One slight downside to these seats is that the footwell is slightly smaller than the one at Row 14 directly behind, with Row 11 boasting the most space for your legs while sleeping, thanks to its bulkhead position.

Seats 12B and 12J have the smallest footwell, but are superior in almost every other way. (Photo: Singapore Airlines)
‘Throne’ seat converted to a flat bad. (Photo: Singapore Airlines)

We reviewed the Thompson Vantage single-aisle seat back in 2018 on a JetBlue flight, in the solo ‘throne’ seats, on the five-hour stretch from Boston to San Francisco.

In-flight entertainment

The 737-8 MAX aircraft include Panasonic’s X-Series seat-back in-flight entertainment in both Business Class and Economy, allowing you to access the latest KrisWorld entertainment content.

Seat-back IFE is cabin-wide on the Boeing 737-8 MAX. (Photo: MainlyMiles)

A new moving map is also promised.

Amongst the various features, a new state-of-the-art 3D flight map will be rolled out. This includes over 20 distinct map views for various flight phases, such as 3D satellite imagery, local and global views, as well as a personalised feature that enables customers to see the aircraft’s relative position to their selected map location throughout their flight.

Singapore Airlines

The fleet is also fitted with Panasonic’s in-flight Wi-Fi service, as well as mobile data connectivity, with a complimentary 100MB data allowance for Business Class passengers and PPS Club members in common with SIA’s wide-body offering.

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You can find out more about the new narrow body in-flight entertainment and Wi-Fi service at the Singapore Airlines website here.

Routes

Singapore Airlines has not confirmed the launch routes for the 737-8 MAX, telling us that regulatory requirements and border openings would dictate the rollout, with service entry “in the coming weeks”.

This includes services to points in Brunei, Cambodia, Indonesia, Malaysia, Maldives, Nepal, and Thailand, subject to regulatory approvals. Further details on these flights will be announced in due time.

Singapore Airlines

One aspect the Boeing 737-8 MAX opens up for Singapore Airlines is a significantly enhanced range of up to 3,500 nautical miles (6,500km), sufficient to bring several existing and new routes into the equation for narrow-body SIA service.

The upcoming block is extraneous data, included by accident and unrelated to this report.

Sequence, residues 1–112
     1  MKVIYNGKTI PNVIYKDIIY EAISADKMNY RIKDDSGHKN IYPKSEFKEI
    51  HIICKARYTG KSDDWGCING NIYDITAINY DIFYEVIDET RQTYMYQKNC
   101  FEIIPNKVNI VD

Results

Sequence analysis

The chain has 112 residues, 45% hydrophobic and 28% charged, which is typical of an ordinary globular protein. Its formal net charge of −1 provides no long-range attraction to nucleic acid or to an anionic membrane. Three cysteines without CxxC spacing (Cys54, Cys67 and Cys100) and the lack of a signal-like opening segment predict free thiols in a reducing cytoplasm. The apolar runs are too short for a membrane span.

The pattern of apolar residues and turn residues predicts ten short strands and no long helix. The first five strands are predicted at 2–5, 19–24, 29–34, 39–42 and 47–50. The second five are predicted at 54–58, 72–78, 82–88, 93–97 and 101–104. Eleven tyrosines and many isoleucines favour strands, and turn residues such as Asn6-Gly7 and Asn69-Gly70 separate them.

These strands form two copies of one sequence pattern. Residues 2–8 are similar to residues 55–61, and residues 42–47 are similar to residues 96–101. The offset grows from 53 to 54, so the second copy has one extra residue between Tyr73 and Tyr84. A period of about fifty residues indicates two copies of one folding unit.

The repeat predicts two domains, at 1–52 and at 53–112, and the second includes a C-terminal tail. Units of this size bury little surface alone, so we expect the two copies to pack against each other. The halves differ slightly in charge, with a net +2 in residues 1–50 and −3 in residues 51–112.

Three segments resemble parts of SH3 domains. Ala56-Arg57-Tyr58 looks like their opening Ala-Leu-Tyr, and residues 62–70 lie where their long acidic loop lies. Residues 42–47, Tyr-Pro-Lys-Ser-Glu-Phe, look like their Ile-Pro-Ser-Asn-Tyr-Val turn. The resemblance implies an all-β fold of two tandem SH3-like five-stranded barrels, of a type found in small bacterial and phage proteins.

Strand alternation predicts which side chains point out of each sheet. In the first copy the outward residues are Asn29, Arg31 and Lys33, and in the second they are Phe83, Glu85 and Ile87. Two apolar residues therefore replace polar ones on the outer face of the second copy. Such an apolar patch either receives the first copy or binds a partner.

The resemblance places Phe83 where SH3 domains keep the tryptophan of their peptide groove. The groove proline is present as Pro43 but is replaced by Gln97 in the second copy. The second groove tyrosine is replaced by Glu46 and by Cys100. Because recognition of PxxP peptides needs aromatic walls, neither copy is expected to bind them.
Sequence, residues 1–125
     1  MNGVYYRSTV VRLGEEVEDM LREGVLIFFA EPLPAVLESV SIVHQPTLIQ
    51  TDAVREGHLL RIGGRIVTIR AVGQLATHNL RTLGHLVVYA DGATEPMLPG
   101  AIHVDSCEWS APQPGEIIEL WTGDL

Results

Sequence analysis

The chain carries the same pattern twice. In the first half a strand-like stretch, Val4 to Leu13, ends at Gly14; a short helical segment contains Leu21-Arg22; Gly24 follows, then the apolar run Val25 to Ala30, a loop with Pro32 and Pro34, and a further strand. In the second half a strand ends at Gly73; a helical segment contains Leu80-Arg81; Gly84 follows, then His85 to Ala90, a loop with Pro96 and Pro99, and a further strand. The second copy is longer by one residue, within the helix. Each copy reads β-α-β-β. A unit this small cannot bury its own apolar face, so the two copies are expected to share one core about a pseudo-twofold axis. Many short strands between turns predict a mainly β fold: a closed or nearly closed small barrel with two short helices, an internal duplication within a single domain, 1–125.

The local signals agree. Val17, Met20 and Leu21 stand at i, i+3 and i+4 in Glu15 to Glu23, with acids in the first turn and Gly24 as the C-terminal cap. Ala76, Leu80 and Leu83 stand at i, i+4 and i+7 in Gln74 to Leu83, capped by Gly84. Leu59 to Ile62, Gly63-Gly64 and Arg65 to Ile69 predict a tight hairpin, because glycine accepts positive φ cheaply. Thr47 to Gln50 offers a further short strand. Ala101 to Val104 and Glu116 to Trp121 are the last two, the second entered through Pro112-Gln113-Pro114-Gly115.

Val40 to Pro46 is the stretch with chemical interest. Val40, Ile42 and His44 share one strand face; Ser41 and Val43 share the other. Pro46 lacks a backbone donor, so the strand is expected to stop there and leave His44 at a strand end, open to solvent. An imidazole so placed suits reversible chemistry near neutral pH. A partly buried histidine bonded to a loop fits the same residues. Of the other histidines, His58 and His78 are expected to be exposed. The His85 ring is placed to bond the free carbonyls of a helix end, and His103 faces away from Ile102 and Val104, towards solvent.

Boeing 737-8 MAX range from Singapore
(click to enlarge)

Routes as far as Fukuoka and Adelaide are within the jet’s range, and potential new (or reinstated) routes where demand is thinner could be efficiently served by the aircraft, like Mauritius, Muscat and Islamabad.

One thing’s for sure, SIA isn’t only going to fly these jets on short routes. With 37 MAXs at its disposal in the years ahead, there will be a good mixture of ex-SilkAir and brand new narrow-body routes to watch out for as the airline capitalises on the efficiency of these aircraft.

Which aircraft?

Singapore Airlines now has six ex-SilkAir Boeing 737-8 MAX aircraft at Changi, on which it has refitted the cabins, installed the KrisWorld IFE system including Wi-Fi capability, and of course finished the external respray into SIA colours.

SIA Boeing 737-8 MAX Fleet

Registration Delivered Last commercial flight
(SilkAir)
9V-MBA 1 Oct 2017
(age 4.1 yrs)
11 Mar 2019
9V-MBB 7 Nov 2017
(age 4.0 yrs)
11 Mar 2019
9V-MBC 19 Dec 2017
(age 3.9 yrs)
10 Mar 2019
9V-MBD 13 Apr 2018
(age 3.6 yrs)
12 Mar 2019
9V-MBE 4 May 2018
(age 3.5 yrs)
11 Mar 2019
9V-MBF 7 Mar 2019
(age 2.7 yrs)
11 Mar 2019

Eight more of the MAXs will be delivered to SIA between now and 31st March 2022, according to the airline’s latest financial update, however these aircraft were originally destined for SilkAir and will therefore all require cabin refit work when they arrive at Changi.

9V-MBF on a recent test flight at Changi. (Photo: Plane’s Portrait Aviation Media / Malcolm Lu)

With the exception of one of the eight, they will also need to be repainted.

As a result, SIA has said that the operating fleet of Boeing 737-8 MAXs will stand at seven aircraft by 31st March 2022, with the next seven only coming online after 1st April 2022.